5 Reasons Why Bowhunters Miss

5 Reasons Why Bowhunters Miss

Posted 2016-07-04T08:38:00Z  by  Joe Bell; photos by Russell Graves

It Ain't Always Pretty.

All of your effort ahead of a hunt is for nothing if you can't make the shot. And yet, so many bowhunters fall apart once a deer is finally in range. Here's a look at five in-range bowhunting mistakes

It happens all the time. Jimmy The Bowhunter climbs into his treestand, completely confident of his ability. He's been drilling silver dollars at 20 yards all summer long. Then a nice buck pops into view. Suddenly, his pulse quickens, and he readies for the shot. The drawing of his bow, the aim, exactly where the deer is standing - it all becomes a blur. Jimmy fires the arrow and hears nothing but a loud clattering of carbon zinging through limbs and leaves. A clean miss. And Jimmy The Bowhunter is baffled.

This story captures what so many bowhunters go through every fall. A feeling of confidence one moment and utter disappointment the next. Why the sad outcome? Well, there are several potential reasons. But here's a look at five of the most common reasons bowhunters miss.


In the midst of adrenaline and excitement, we try our best to echo the phrase, "pick a spot." Surely this is a good thing to do, but it shouldn't take over our complete thought process until we've stepped our way through other key elements. And one of the biggest elements is acquiring the right sight picture and placing the pin exactly where it needs to go.

Align the peep sight correctly, either by centering the pin within it or by aligning it with your sight's guard (this is why pin guards on most modern sights are round). The same goes for the anchor. Be sure to feel a light pressure of the hand against your cheek, nothing more. If you don't consciously think about these things, you can easily foul up the shot. Take the extra second or two to do this and you'll get to follow more blood trails.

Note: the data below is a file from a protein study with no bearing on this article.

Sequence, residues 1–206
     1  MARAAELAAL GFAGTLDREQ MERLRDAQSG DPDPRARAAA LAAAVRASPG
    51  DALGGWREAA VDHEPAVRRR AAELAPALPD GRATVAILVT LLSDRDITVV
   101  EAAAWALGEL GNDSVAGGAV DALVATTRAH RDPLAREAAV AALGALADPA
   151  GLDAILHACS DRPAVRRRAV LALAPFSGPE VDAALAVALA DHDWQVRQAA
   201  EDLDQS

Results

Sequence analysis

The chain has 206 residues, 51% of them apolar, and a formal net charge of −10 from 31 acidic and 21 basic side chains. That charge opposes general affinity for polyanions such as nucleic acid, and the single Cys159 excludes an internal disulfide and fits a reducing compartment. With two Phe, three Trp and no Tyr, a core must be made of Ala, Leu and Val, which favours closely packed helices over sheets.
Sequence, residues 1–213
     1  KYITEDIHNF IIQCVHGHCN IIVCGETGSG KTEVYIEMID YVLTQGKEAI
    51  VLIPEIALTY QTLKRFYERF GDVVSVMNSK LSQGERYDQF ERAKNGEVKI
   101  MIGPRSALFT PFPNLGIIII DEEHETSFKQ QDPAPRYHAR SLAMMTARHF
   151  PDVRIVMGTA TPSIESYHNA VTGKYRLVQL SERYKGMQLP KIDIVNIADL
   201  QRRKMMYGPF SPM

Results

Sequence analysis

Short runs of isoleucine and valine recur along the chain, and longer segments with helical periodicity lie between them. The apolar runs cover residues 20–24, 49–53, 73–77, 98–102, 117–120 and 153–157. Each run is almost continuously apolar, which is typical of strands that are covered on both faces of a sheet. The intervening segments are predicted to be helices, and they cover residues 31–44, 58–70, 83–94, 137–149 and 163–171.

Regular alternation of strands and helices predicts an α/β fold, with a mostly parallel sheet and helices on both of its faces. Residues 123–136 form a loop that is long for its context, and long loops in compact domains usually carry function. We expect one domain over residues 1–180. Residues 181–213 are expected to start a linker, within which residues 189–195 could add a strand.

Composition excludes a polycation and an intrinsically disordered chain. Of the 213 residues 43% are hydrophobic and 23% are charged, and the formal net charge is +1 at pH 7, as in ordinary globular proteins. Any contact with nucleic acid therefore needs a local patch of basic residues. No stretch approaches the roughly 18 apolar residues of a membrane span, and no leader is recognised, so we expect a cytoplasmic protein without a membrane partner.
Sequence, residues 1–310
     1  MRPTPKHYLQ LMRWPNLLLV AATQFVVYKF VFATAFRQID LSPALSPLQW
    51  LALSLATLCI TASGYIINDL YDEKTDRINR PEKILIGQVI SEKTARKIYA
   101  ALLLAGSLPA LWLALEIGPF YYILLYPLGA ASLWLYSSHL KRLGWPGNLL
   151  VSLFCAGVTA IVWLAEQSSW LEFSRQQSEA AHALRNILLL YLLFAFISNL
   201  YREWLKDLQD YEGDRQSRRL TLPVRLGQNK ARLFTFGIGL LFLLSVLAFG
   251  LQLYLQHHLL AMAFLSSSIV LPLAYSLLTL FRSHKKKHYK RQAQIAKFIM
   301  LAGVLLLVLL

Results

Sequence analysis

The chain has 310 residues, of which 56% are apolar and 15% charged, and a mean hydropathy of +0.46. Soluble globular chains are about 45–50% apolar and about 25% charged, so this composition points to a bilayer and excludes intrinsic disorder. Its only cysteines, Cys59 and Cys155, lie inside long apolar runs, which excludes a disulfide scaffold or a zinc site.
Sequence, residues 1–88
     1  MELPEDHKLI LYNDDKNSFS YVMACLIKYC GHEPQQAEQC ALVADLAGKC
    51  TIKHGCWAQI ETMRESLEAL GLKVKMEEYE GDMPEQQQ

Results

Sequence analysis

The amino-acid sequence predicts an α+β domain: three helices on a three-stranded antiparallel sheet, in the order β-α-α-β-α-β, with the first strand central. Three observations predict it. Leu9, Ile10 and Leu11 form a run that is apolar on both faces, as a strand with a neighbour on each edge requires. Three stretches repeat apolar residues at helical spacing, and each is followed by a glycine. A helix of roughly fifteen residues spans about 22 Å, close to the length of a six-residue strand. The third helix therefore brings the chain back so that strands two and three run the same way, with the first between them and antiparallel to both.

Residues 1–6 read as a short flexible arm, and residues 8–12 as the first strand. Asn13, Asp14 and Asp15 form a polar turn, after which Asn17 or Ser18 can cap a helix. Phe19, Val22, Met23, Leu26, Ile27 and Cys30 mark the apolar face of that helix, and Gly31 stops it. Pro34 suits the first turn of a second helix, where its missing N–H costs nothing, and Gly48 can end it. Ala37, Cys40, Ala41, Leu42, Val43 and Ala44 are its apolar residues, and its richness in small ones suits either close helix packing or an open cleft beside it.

Also, when aligning the peep sight, be sure to take a quick glance at your sight's level bubble. Train yourself to do this in a split second, so you're holding the bow perfectly plum for top accuracy.

If your sight's fiber-optic pins seem hazy during lowlight shooting, you may want to experiment with different aiming beads to enhance the shooting experience. This alone could cause a blown attempt. Larger peeps, such as one with a 3/16-inch orifice, are ideal for whitetail hunting, as are peeps with special light-enhancing coatings.

The same goes for sight pin size. Don't go too small, such as .019-inch size, which is best suited for long range shooting in good light. Larger beads like .029 or .039-inch are easier to see since they create more fiber illumination during that critical dusk/dawn period.


Regardless of the situation you face, your basic shooting form should stay consistent. This means bending at the waist and keeping your torso perpendicular to your arms, which is known as using proper "T-Form." Doing this will help you maintain correct posture and deadly shooting. To do this when shooting from a treestand, it's best to first draw your bow level with the treestand's platform, then slowly bend at the waist until you acquire the target. (This story clearly illustrates good treestand shooting form vs. poor treestand shooting form).

Most bowhunters still mess it up. They swing their bow-arm and bow downward, then pull the bow back to shoot when the sight it close to the target. This places the bow hand close to the leg and twists the torso incorrectly, jeopardizing accuracy.

The same technique is critical for extreme up- and downhill shots, like those encountered out West. However, these scenarios are even more challenging due to uneven terrain where you must position your feet when shooting. To execute these shots well, experiment ahead of time with various shooting stances and determine what position works best for maintaining accuracy.